Figure 4: The bony landmarks and local coordinate systems defined in ISB.

In this paper, the shoulder skeletal configuration analysis results and experimental measurements which are unified according to the ISB standard will be compared; therefore, it is necessary to figure out the corresponding relationship between the calculation of the coordinate system and the ISB coordinate system. Klein Breteler et al. [25] obtained a more favorable shoulder morphological datasets by dissecting the body of a 57-year-old male and establishing a universal dataset of human shoulder bones. Table 3 shows the relevant parameters of bone markers and the size of the thorax of the general model and the experimental subjects in this article. All the coordinates are converted corresponding to the thorax system; the length unit is mm.

Table 3: The skeletal feature size parameters of the experimental subjects (mm).

Through the definition of each local coordinate system and the characteristic sizes of each marked point of the shoulder skeleton in Tables 2 and 3, the relationship between the coordinate systems , , , and used in the above calculation and each coordinate system , , , and recommended in ISB standard can be described by the following rotation transformation matrix:

2.3.3. Definition of Shoulder Experimental Motion

Shoulder Database (Shoulder Database V1.1) published by Bolsterlee et al. in 2014 provides data of shoulder motion which has been used in the analysis [21, 26]. The experiment collected data from five healthy adult males. This article selects one of the objects (age 29, height 186 cm, and weight 109 kg) from the database. The experiment used a set of motion detection system (Optotrak System, Northern Digital Inc., Waterloo, Ontario, Canada) to detect the spatial positions of six marker groups fixed to the thorax, scapula, humerus, forearm, and palm shown in Figure 5. The locations of the bone markers are arranged according to ISB standard, and the series of the position of the markers are collected at a frequency of 100 Hz.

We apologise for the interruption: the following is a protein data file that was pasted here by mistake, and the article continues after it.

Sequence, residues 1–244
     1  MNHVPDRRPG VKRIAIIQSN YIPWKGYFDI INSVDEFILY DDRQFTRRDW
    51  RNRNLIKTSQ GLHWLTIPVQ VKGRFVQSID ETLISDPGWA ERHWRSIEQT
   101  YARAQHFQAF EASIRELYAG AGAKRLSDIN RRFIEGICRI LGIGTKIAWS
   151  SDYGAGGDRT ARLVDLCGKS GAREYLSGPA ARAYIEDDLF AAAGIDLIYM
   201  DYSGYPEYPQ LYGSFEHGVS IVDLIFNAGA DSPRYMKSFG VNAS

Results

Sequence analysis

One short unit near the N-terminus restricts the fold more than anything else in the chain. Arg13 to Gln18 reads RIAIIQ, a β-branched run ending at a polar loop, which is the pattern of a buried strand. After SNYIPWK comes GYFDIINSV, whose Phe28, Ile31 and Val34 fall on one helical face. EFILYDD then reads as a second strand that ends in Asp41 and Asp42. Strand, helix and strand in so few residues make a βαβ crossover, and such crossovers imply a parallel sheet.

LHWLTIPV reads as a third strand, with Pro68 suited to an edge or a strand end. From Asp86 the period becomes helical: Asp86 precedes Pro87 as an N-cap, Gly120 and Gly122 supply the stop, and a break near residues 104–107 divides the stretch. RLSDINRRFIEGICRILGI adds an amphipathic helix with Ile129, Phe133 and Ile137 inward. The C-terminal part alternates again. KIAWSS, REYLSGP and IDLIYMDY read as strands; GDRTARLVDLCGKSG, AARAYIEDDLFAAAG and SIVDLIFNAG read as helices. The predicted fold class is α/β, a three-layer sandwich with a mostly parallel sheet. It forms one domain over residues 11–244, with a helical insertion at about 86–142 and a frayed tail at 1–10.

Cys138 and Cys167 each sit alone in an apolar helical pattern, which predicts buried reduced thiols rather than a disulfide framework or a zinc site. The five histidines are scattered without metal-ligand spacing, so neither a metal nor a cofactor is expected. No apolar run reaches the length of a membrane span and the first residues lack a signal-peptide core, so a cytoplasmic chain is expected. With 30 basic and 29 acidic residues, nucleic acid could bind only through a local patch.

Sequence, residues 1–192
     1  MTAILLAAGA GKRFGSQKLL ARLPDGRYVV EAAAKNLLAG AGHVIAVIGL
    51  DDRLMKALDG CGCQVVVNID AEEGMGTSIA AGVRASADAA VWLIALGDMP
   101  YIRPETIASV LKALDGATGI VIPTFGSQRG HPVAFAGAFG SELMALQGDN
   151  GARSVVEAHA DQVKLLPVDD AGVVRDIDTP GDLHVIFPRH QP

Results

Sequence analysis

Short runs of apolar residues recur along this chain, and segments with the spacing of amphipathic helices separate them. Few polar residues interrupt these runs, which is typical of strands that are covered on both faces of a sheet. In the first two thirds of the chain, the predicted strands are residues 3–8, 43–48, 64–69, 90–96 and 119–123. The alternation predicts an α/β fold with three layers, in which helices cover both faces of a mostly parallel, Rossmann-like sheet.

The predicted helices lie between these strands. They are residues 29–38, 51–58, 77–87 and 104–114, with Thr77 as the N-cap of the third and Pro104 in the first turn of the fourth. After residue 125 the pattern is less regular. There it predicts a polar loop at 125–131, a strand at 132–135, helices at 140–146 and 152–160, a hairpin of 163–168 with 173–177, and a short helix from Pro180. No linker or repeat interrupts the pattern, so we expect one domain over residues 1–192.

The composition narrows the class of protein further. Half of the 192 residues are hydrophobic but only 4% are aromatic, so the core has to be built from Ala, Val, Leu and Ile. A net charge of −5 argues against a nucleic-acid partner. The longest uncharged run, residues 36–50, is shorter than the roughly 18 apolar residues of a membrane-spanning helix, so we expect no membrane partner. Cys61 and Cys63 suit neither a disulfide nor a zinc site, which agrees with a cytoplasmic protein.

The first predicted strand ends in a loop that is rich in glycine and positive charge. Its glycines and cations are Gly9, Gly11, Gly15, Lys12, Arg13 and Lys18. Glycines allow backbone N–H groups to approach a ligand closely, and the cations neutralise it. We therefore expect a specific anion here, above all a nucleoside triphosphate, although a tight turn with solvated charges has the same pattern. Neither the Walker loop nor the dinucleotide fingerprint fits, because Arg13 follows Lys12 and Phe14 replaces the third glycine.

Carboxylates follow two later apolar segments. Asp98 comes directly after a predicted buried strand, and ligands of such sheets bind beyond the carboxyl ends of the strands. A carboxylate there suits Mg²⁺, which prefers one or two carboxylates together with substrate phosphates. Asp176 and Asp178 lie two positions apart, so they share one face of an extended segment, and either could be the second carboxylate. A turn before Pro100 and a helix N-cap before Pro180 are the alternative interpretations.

Figure 5: Placement of clusters of Optotrak markers.

In order to get accurate shoulder movement data, during the experiment, the subject was asked to complete the range of motion (ROM) tasks including shoulder abduction (ABD), flexion (FLEX), and scapular plane movement (SCAP) which contain all the basic movement of the shoulder shown in Table 4. With processing, the data of the movement posture of each bone in the shoulder can be uniformly converted into the value in .

Table 4: Range of motion (ROM) tasks.
2.3.4. The Solution and Verification for Posture and Position of Each Bone

Through the processing of the spatial coordinates of each marker measured in the experiment, the joint variables are obtained, and the three independent joint displacements are used as input, and then the remaining six joint variables are obtained, as well as the shoulder girdle movement gesture, which is finally compared with the experimental measurement results.

Figure 6 shows the thorax movement gesture of the experimental subject in the ABD exercise test, and the posture of the humerus under YXY rotation sequence is described by three corresponding Euler angles HumY1, HumX, and HumY2. Figure 7 shows the measured posture of the clavicle relative to the thorax, and according to ISB standard, the posture of the clavicle is described under YXZ rotation sequence. The three Euler angles formed that depended on them are ClavY, ClavX, and ClavZ, respectively.